Prader-Willi Syndrome: A Rare but Prominent Condition

Aida will do anything for food – sneaking into the pantry or refrigerator at midnight, stashing away leftovers from an earlier party… even lying and stealing, if that’s what it takes.  No, Aida is not a criminal.  Neither is she a drug addict.  Aida (an entirely fictitious name) has a condition in which she has an insatiable appetite, combined with an obsessive-compulsive need to relieve the constant hunger.  It’s a rare condition, to be sure.  Only between 1 in 10,000 and 25,000 people born have Prader-Willi syndrome (PWS), a condition first described fairly recently, in 1956, by a group of researchers after whom the disease has been named.  Aida will do anything for food – sneaking into the pantry or refrigerator at midnight, stashing away leftovers from an earlier party… even lying and stealing, if that’s what it takes.  No, Aida is not a criminal.  Neither is she a drug addict.  Aida (an entirely fictitious name) has a condition in which she has an insatiable appetite, combined with an obsessive-compulsive need to relieve the constant hunger.  It’s a rare condition, to be sure.  Only between 1 in 10,000 and 25,000 people born have Prader-Willi syndrome (PWS), a condition first described fairly recently, in 1956, by a group of researchers after whom the disease has been named.   According to the Prader-Willi Association (USA), there are nearly 309,000 documented cases of PWS in the U.S., but this figure may reflect only about one-third the true total, which means that many people with PWS are not receiving the services they need.

prader willi syndrome obesity

This 1680 portrait by
Spanish artist Juan Carreno
de Miranda (1614–1685) is
widely believed to represent
a girl with Prader–Willi
syndrome.

PHOTO: COURTESY OF
WIKIMEDIA COMMONS
(PUBLIC DOMAIN)


Symptoms at Birth and During Childhood
   Newborns and children have low muscle tone, appearing soft and floppy.  Their almond-shaped eyes are similar to those of infants and children with Down syndrome.  Because the condition is caused by a gene mutation, genetic testing is necessary to confirm the presence of PWS.  Children may have a delay in speech and intellectual development.  Although infants with PWS have difficulty feeding, children between the ages of 2 and 8 develop a habit of overeating.  Children usually receive growth-hormone therapy to control appetite, increase muscle mass (and tone), and compensate for their short stature.


Symptoms in Adults
   The desire for food continues into adulthood.  Adults also are small in stature and have a mild-to-moderate cognitive disability.  In caring for adults with PWS, the following is important:

  • Food may have to be kept locked away.  Special locks are available for refrigerators.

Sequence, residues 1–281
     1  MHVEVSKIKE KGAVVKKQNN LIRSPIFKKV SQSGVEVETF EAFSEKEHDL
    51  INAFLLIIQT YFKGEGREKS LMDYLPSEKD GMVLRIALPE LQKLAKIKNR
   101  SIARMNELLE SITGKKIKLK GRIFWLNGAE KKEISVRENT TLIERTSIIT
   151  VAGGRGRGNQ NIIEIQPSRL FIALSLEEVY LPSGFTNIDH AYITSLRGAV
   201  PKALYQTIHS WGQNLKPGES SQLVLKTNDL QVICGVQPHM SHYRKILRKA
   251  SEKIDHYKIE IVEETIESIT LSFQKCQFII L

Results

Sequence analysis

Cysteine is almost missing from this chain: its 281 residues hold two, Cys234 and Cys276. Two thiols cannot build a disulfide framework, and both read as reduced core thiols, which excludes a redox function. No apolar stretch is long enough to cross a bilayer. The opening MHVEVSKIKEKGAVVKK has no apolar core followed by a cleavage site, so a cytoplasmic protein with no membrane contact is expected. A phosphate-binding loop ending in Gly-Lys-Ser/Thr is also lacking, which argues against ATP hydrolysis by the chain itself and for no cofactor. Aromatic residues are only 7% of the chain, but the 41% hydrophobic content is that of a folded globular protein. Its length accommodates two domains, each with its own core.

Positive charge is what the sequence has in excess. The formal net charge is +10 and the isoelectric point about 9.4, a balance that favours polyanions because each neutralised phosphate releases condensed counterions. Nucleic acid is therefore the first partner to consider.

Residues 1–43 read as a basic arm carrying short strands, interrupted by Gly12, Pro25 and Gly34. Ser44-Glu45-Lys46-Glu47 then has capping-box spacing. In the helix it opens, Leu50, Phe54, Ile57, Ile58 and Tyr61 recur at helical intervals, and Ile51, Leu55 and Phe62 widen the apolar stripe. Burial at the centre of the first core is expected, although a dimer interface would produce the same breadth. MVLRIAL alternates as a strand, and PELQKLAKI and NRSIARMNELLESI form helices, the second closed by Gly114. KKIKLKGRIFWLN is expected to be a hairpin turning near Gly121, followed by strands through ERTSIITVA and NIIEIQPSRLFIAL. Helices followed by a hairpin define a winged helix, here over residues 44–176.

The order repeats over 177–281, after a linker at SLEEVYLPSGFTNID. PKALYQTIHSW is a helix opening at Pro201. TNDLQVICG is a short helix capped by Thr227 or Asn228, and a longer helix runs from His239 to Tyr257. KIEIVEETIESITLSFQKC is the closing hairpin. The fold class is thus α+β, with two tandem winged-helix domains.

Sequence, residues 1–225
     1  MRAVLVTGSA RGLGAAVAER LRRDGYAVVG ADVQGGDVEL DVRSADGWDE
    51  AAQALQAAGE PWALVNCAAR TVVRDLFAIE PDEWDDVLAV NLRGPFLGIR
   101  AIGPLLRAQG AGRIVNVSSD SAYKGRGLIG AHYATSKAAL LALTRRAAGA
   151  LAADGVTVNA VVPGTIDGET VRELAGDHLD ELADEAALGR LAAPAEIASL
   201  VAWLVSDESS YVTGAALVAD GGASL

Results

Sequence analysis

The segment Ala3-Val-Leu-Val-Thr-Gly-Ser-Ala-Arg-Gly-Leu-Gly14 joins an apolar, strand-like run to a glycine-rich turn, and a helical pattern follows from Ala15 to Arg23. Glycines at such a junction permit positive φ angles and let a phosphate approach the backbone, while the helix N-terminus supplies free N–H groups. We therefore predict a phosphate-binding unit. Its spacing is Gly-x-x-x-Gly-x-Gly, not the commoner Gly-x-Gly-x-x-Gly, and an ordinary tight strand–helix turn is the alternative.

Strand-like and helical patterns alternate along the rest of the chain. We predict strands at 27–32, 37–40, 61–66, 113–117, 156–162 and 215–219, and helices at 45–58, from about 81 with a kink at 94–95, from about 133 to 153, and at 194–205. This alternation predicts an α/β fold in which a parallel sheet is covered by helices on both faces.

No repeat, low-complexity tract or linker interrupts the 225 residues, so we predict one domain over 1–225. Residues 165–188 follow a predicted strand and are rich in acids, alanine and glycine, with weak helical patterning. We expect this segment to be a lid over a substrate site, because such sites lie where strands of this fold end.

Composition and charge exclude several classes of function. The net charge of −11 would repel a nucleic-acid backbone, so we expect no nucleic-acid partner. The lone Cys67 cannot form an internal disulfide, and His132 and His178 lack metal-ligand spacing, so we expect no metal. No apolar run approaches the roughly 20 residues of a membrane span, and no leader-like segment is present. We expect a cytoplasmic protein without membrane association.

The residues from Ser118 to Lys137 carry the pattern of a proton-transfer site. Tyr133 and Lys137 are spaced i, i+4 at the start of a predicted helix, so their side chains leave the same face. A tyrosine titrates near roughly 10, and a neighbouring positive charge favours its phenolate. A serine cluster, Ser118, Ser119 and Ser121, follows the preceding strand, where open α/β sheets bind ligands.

• Physical contact must be with caution, as people with PWS have soft skin that bruises easily.
  • Because people with PWS are prone to diabetes, a diet low in sugar is necessary.
  • People with PWS may need a positive airway machine to help with their sleep apnea.

Skin picking and other obsessive-compulsive behaviors are common among with people with PWS, who may exhibit emotional and behavioral disorders.

A related genetic disorder is Angelman syndrome (AS), named after the British pediatrician who first described it in 1965.  Children and adults with AS often smile and have a happy demeanor, despite their severe developmental delay.  These children are often referred to as “angels,” both because of their youthful, happy appearance and the syndrome’s name.  (An older term, “happy puppet syndrome,” is considered offensive.)  With research and advocacy efforts, it is hoped that people with AS and PWS will have reason to smile.

angelman syndrome portrait painting child disability

This highly realistic portrait of a
child with a drawing by Italian
artist Giovanni Francesco Caroto
(1480–c. 1555) caught the attention
of Harry Angelman, the British
pediatrician who, in 1965, first
described a condition similar to
Prader–Willi syndrome.

PHOTO: COURTESY OF WIKIMEDIA
COMMONS (PUBLIC DOMAIN)

Did You Know?
About 1 in 10,000 and 25,000 people born have Prader-Willi syndrome.  Why the huge discrepancy?  Because the condition is so rare, not all physicians know of it to make an accurate diagnosis, and many symptoms are easily confused with other, more common conditions, such as Down syndrome.

Although this rare condition was not described in the scientific medical literature until 1956, children with PWS and Angelman syndrome have been depicted in realistic portraits by artists of the Renaissance and Baroque periods.

Oscar-nominated and winning actress Mayim Bialik is also a neuroscientist.  She completed her PhD dissertation on Prader-Willi syndrome and portrayed a neuroscientist on the popular TV series The Big Bang Theory.

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